Gun control proponents argue that this local control of firearm laws allows for innovative, “customized solutions” to gun crime, and fills “regulatory gaps” at the state and federal level. This state and federal “policy vacuum” argument disregards the extensive network of federal and state laws – especially in Washington State – that already comprehensively addresses firearms and firearm offenses. Such local “solutions,” moreover, have previously run afoul of state firearm rules, or sought to impose clearly unconstitutional gun restrictions (as was the case with since-invalidated handgun bans in Chicago and the District of Columbia). And far from overriding “tradition” and leading to “illogical results,” preemption laws are based on long-standing legal principles on the legislative preeminence of the state over localities, and the need for consistency on issues as important as civil rights.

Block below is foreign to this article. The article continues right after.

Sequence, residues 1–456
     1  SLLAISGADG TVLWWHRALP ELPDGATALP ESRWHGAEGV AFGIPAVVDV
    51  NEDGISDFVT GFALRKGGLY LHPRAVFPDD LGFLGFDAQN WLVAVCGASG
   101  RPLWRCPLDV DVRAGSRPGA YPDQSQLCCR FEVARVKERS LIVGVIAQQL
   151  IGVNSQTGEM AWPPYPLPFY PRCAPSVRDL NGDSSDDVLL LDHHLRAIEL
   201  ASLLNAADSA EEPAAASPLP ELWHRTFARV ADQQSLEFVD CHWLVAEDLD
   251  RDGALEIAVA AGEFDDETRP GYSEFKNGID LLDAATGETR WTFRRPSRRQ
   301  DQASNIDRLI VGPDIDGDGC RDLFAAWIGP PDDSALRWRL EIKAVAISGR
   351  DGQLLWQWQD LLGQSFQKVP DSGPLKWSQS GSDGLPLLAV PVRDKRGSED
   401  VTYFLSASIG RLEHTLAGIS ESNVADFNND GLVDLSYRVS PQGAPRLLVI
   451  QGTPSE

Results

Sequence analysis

Every recent gun control measure promoted in Washington State, from the so-called “universal background checks,” to the “extreme risk protection order” law, to the Seattle “gun violence tax” on gun and ammunition sales has been predicated on promises of reducing gun crime and protecting families and communities. Once passed, though, the background check law has been found to have had no “measurable effect,” the enactment of Seattle’s gun fee has been followed by more violent crime, and information on the “extreme risk protection order” law suggests it is not being used (the proponent group admits it isn’t tracking the use or effectiveness of the law). The bill proposing the revocation of the preemption law is no different. 

Preemption laws are not new. As anti-gun activists increasingly focus their agenda on convincing state legislatures to adopt restrictive firearm laws and bans, legislators need to remember that there are good policy reasons, quite apart from the constitutionally protected rights at stake, for why almost all states have laws prohibiting local jurisdictions from imposing their own gun policies.